Setting Up Firefox for Selenium Testing


1. Creating Self-Sign Security Certificates For Testing

We need to create a self-signed certificate for two reasons. Firstly when accessing CoW directly we need a certificate that we can accept permanently and store in the Firefox profile used by Selenium. The one grails generates is different on each machine which would make unattended testing tricky.

Secondly the certificate that is distributed with ratproxy appears to be of the type that is impossible to get Firefox to remember between sessions so we need to replace this as well in order to be able to route the Selenium tests via ratproxy during unattended testing.

To make life as easy as possible the following instructions will use the same certificate information for both cases, although this doesn't have to be the case.

1.1. Creating the Private Key and Certificate

Let's start with the private key as we need this to create the certificate. Simply issue the command:

openssl genrsa -out keyfile.key

Dead easy! The thing to note is that this key isn't password protected, which may not be ideal but is required otherwise ratproxy won't be able to use it.

So we have the private key let's now create the certificate. This is a bit more complex but start by issuing the command:

openssl req -new -x509 -key keyfile.key -out keyfile.crt

Now this will ask you for a whole bunch of information. Fortunately we don't have to provide many answers. Simply leave all the fields blank (by answering .) except the 'Common Name' field. This must be set to the hostname of the ratproxy server. Most of the time this will simply be 'localhost' but if you are running the proxy on a remote machine then you will need to set this value appropriately.

1.2. Combining For Ratproxy

Ratproxy needs the certificate and private key to be combined into a single file, which can be achieved with the command

cat keyfile.key keyfile.crt > keyfile.pem

Now simply place keyfile.pem into the ratproxy directory, replacing, the default.

1.3. Converting To A Java Keystore

First let's continue using OpenSSL to generate a PKCS12 keystore.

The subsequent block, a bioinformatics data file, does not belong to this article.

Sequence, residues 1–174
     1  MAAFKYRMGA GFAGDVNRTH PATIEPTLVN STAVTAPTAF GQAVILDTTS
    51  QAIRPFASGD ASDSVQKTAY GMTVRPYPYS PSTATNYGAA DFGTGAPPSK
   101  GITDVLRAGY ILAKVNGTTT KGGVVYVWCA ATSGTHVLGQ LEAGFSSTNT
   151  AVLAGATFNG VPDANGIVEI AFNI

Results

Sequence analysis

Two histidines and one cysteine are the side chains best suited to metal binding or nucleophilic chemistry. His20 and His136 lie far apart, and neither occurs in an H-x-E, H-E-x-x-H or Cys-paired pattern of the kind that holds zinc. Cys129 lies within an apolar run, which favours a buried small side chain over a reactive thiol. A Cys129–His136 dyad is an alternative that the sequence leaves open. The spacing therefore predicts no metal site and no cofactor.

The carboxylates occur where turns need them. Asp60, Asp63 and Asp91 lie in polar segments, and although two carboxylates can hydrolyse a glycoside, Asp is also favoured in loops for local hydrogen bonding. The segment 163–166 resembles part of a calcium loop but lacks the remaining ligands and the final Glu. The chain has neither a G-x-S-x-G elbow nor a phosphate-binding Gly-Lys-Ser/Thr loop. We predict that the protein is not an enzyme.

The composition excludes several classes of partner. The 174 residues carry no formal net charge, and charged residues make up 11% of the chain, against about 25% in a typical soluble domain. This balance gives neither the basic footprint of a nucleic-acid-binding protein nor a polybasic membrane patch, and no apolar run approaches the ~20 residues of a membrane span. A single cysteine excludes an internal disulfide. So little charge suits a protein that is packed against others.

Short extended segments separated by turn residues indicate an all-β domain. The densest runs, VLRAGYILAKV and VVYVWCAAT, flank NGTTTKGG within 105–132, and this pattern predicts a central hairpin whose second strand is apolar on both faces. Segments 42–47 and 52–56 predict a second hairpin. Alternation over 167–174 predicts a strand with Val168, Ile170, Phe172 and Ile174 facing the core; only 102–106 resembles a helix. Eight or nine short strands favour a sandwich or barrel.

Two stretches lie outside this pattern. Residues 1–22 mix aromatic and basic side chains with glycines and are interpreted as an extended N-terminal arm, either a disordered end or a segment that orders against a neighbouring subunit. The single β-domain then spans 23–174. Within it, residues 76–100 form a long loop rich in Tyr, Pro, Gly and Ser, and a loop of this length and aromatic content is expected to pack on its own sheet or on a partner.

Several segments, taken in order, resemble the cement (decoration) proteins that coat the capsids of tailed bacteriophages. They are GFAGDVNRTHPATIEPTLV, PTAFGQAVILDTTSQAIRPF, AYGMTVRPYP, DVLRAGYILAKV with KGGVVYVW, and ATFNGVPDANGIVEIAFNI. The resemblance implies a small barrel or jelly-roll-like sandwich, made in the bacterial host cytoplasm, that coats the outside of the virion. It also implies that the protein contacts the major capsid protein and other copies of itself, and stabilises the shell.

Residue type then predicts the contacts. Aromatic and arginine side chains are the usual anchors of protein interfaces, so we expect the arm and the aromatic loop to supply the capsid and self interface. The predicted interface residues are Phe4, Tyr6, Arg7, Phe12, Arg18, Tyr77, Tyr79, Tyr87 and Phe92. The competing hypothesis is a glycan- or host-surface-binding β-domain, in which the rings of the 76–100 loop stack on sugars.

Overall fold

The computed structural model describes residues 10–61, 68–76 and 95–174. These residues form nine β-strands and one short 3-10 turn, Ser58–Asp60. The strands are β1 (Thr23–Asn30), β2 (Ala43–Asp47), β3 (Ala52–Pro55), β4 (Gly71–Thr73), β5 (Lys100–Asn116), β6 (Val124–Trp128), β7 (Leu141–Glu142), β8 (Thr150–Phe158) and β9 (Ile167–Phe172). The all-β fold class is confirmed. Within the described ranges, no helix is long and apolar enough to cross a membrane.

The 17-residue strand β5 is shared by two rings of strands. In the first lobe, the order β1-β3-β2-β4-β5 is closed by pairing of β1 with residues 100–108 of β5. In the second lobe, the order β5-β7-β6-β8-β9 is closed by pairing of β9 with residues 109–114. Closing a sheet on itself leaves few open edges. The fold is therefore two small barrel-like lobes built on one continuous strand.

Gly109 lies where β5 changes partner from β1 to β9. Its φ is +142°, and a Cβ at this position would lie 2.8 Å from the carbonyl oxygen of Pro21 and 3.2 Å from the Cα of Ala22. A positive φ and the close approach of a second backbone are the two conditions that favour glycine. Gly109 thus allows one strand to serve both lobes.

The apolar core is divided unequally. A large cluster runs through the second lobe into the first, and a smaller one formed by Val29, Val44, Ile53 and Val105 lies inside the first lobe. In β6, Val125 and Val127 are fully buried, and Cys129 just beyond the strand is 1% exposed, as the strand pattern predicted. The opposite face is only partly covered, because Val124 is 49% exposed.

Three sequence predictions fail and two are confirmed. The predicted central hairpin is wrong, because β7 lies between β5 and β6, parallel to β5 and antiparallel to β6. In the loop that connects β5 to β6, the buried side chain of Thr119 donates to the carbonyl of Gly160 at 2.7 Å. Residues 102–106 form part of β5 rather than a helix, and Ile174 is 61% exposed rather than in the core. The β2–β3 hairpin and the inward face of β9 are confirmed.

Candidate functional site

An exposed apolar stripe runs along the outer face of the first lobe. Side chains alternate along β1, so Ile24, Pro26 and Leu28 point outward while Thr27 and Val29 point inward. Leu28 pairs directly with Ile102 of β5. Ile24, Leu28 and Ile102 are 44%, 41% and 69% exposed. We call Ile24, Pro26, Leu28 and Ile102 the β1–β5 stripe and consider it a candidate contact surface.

openssl pkcs12 -export -in keyfile.crt -inkey keyfile.key -out keystore.pkcs12

When asked for a password use the six digit password '123456'. This is the default password that grails uses and so will result in a keystore that can be used as a drop-in replacement for the default one.

Unfortunately Java can't read PKCS12 keystores so we have to use a Jetty util class to convert it to a normal Java keystore. Grab a copy of the main Jetty JAR file and then issue the command (fixing the JAR name as appropriate), remembering to use the same password as in the previous step:

java -classpath jetty-x.y.z.jar keystore.pkcs12 keystore

Now the final step is to fix the alias inside the keystore.

keytool -changealias -alias 1 -destalias localhost -keystore keystore

Right the keystore file can now be used by Grails to sign secure pages.

2. How To Create The Firefox Profiles

We use a specific Firefox profile when running the Selenium tests to ensure that we always start from the same state and aren't seeing issues related to Firefox addins or configuration.

We need two slightly different profiles for when Selenium access CoW directly and for when requests are sent via ratproxy for security testing. The steps required to create both profiles are essntially the same.

The idea is that we allow Firefox to create a basic profile and only add information necessary for the Selenium tests to run so we need a profile that...

2.1. Security Certificates

We can't easily generate the certificate exceptions by hand so we have to get Firefox to do the work for us. Close down all open instances of Firefox and then start it up again using the command firefox -ProfileManager and then create a new profile in a directory of your choice.

Now startup an instance of CoW, and if using ratproxy configure the proxy information in Firefox as well. Access CoW and permanently accept the security certificate. Now you can close down Firefox.

Locate the directory in which you created the profile and copy the files cert8.db and cert_override.txt to the appropriate Selenium profile folder. Now when Selenium runs Firefox it will already know about the security certificate and be able to login to CoW without having to deal with the browser warnings and so can be run unattended by Hudson.

2.2. Proxy Settings

If you are going to be accessing CoW via ratproxy then you need to also configure the profile with details of the proxy address. These details should be saved in the prefs.js file which can be edited manually. The default values (shown below) should suffice.

user_pref("network.proxy.http", "");
user_pref("network.proxy.http_port", 8084);
user_pref("network.proxy.ssl", "");
user_pref("network.proxy.ssl_port", 8084);
user_pref("network.proxy.no_proxies_on", "localhost:4444");
user_pref("network.proxy.type", 1);